Do not think the name
So he climbed, and the diamond shards closed in harder and harder, until the golden rope ran like a narrow stream of warm water through pack ice. And still Harry climbed, his mind cleared, concentrated on that single goal.
To live. For himself.
Memories poured in, and Harry fitted and spun them into place. Emotions crashed into his head, and he winced but continued the climb. Sanity slipped nearer and nearer, and sometimes he stopped to take a breath, but on he always went.
He had to. He wanted to. He needed to.
It must be so. Harry understood that now, as though the death of the one person he had tried most to live for—
Do not think the name
--had shown him the folly of doing it for anyone or anything else. He could not be just his causes. He could not be just his sacrifices. He had tried, when he went to Voldemort’s lair, and that had resoundingly failed, just as every project begun in Godric’s Hollow ultimately had.
The old way did not work. So he would try this new way.
He reached a glassy roof. Harry lifted one hand from the rope and ran his palm over it. Pain waited on the other side, pain and the full consciousness of pain.
He took a deep breath, and butted his head and shoulders against the glass, shattering it.
His eyes opened, and saw what was there, the gray sea in front of him and the weak sun rising, and the people walking cautiously towards him across the damp sand of the beach. And then he screamed, because the voice that had protected him relentlessly in the depths of his madness was equally relentless now.
Say the name.
“Connor,” Harry whispered, and there were tears on his face as if he had never wept for his brother. He was in the world he had fled because it contained his twin no longer. Now he would never flee it again.
It hurts, it hurts, he wailed to himself.
But you are not alone, another part of himself answered, and he looked up the beach again.
Snape and Peter had both been reluctant to approach Harry, insisting that a mad wizard with that much power was dangerous in any case, and that they should wait until Harry had some chance to get used to his status as Voldemort’s magical heir and control his power. Draco had not listened. They had Apparated to the beach and come slowly closer and closer to Harry, pausing several times along the way to watch.
And then the sense of his magic had diminished. Draco had looked back in time to catch the look of shock on Peter’s face, the near-sorrow on Snape’s.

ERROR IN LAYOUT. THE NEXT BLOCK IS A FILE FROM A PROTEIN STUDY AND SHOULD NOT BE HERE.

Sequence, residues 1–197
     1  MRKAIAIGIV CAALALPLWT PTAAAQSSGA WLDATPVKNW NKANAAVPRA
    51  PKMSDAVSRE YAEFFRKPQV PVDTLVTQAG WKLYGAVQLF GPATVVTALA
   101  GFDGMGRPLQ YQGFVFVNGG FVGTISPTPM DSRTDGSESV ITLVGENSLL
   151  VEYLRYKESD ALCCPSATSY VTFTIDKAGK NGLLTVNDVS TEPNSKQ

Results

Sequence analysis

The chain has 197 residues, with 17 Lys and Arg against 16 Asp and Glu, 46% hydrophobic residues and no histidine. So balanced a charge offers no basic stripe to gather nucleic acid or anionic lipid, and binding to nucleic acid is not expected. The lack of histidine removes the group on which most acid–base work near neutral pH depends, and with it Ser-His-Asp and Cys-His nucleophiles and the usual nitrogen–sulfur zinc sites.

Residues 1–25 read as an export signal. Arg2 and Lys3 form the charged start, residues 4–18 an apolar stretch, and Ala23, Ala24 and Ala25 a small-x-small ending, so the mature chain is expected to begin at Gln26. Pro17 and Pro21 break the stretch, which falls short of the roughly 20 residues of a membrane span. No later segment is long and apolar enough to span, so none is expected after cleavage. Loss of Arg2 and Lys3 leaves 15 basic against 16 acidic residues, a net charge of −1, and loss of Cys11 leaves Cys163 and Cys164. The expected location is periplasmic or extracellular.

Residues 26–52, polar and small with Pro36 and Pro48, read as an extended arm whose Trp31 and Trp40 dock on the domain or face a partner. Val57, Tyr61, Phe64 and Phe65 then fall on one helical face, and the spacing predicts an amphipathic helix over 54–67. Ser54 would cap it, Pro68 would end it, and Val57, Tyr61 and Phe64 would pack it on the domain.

Did they really think he’d keep it? Draco snorted and turned away again. He wasn’t thinking of what he could do with it. He was thinking of what it might make him do to other people—or he was thinking that he didn’t want it. Either way is a very good sign.
And then Harry stumbled and gave a low-voiced cry that Draco knew, just as he knew where Harry would be, was his brother’s name, and the time for caution had passed. Draco ran forward.
Harry turned to meet him, and devastated though his face was with the remnants of grief and mourning, his eyes were sane. Words dried in Draco’s throat. He put his arms around Harry instead and held him tight, tight, tight.
He could have died. He wanted to die. But he didn’t stay mad, and he didn’t commit suicide. He came back. He came back.
And Harry whispered—perhaps his magic or his Legilimency had brought Draco’s thoughts to him, but Draco didn’t really care about the method right now—the words Draco had most desired to hear. “I wanted to come back.” His arms encircled Draco’s shoulders in return. “But I don’t want to be alone.”
“You won’t be, ever again,” Draco said, and his arms clamped down tight, tight, tight.
Harry whispered his brother’s name and began to weep, then, and Snape and Peter came forward. Snape tried to take Harry out of Draco’s arms. Draco refused to let him go. He knew what Silver-Mirror looked like, and could Apparate Harry there as well as Snape could.
His hand wandered into Harry’s hair and clenched there, though he could not bring himself to tug.
No, ours, more precisely.
And then he pulled back enough to look Harry in the eye, and remembered Harry’s words, and corrected his own wording.
No. Ours, yes, but his own, too. At last.
Come back from the breaking.